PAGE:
Friday, February 5, 2016

There Is More Joy in Heaven

By Joseph Cunningham

[Tried my hand at a different genre some time ago; this is what happened.]
Philip Daniel Ambers stood tall and nimbly pranced around the stage under the spotlight.  Eyes of every color and size watched him breathe fire from his lips, pull green and red rabbits from his top hat, and even saw himself in half behind a box (and put himself together again) to a chorus joyous applause.  Far above the stage in back of the haze of fluttering straw particles he was being watched.  This was no ordinary night.

It was the summer circus in Little Rock.  A huge banner had been pinned up over the gigantic tent they put up over the race track every so often for ice cream socials and bluegrass festivals.  The sign read: “Summer Circus: the Best of 1986.”

Professor Ambers, as he called himself, was currently standing stoically in the middle of the stage, clapping his hands for quiet.  He only needed to clap twice.

“Ladies and gentlemen – your attention please!”  His eyes were black with whites on the sides, yet no color round the pupil in the middle.

“I will prepare to demonstrate to you what no magician in this world can demonstrate.”  There was a rush of breathing in that could be heard sweeping over the crowd.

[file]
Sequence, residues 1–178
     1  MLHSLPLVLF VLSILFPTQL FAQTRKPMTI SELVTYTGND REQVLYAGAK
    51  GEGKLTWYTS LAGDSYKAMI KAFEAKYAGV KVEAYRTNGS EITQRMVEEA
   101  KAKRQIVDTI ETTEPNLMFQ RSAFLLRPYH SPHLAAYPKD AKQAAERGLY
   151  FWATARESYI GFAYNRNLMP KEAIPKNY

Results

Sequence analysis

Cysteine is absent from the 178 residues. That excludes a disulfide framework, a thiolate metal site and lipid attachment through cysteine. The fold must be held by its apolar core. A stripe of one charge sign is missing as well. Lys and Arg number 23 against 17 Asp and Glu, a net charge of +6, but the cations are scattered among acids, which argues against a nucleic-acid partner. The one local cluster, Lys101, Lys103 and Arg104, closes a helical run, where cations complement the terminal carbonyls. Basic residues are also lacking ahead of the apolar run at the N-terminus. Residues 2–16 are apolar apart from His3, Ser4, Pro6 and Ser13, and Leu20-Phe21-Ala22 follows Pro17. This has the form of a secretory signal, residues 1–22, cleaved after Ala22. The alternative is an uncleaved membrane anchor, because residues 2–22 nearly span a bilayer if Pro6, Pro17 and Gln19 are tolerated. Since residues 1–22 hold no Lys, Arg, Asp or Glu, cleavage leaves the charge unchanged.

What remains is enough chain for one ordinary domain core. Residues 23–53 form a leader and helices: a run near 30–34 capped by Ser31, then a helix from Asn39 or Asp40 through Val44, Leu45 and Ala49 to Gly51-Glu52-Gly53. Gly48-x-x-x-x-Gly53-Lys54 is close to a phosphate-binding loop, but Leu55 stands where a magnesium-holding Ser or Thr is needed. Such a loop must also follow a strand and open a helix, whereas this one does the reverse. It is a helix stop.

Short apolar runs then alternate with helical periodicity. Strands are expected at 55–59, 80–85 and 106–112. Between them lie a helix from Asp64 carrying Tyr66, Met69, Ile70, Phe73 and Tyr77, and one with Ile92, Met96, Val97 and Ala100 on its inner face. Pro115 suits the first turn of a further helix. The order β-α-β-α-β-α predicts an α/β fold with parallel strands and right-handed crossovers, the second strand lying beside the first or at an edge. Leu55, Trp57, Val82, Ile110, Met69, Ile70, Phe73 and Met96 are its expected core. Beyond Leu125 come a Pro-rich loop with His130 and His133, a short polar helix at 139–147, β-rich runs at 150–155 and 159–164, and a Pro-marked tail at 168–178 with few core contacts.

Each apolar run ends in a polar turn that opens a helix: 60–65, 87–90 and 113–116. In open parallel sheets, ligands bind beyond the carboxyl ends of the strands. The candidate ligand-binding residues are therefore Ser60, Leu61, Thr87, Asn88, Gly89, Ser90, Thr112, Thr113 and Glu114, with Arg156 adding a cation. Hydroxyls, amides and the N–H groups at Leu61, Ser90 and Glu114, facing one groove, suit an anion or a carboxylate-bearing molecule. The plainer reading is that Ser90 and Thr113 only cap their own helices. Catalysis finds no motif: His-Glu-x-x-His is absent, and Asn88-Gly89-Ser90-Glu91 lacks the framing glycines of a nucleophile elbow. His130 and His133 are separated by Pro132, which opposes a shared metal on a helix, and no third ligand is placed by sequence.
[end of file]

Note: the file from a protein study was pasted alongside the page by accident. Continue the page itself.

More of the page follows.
At that moment, his handkerchief slipped from his hand and as he bent down to get it, his whole arm fell off and hit the floor.  He chuckled to himself and picked up both handkerchief and limb with the remaining hand, put them both back in place, and continued as if nothing had happened.  You could have heard a pin drop.

“I will point to one of you,” he said, his lips moving while his eyes froze still, “and he will tell you in detail the events that will happen in this room in the next 60 seconds.”

His arm flew up from his side and stopped suddenly in front of him.  His finger pointed to a young woman with scarlet hair.  She walked up on stage as if it were a planned trick; but it wasn’t.

“A woman in the back will scream and run out,” said the red haired girl.  Immediately a cry was heard from the back and Mrs. Madeline Peabody ran from the tent.  There was polite applause.  The professor was as still as glass.

“I see a raven,” said the girl; and a bird black as the night swooped down from the ceiling and slammed into the face of Professor Ambers, who didn’t even turn his head in reflex.  A few clapped; the rest were silent.  The room was quiet for a moment.

“All of you will run,” said the girl, “but first you will hear me speak.”

A thousand eyes were glued upon the girl and the magician frozen by her side.

“This man has bargained and his bargain is over.  June 6th, 1986.  You’re time is up Philip Daniel Ambers.”  The words slipped slowly out of her mouth in a syllabic rhythm: 6, 6, 6.

Just then a handle from the watchbox was pulled by a hand that had been waiting and watching from up there.  Cries and screams of every pitch shot through the air, and in mass confusion, every human being (save one) ran out of the tent as if chased by a ghost.  Even the hypnotized girl could be seen running unenchanted, her fiery hair waving.  For only a moment before, Philip Daniel Ambers had fallen through a trapdoor that had opened suddenly from under him.  It seemed an invisible a rope around his neck had caught him where he fell; and now his black eyes saw no more in the abyss underneath.  His body swayed as it hung, and his soul kept falling.

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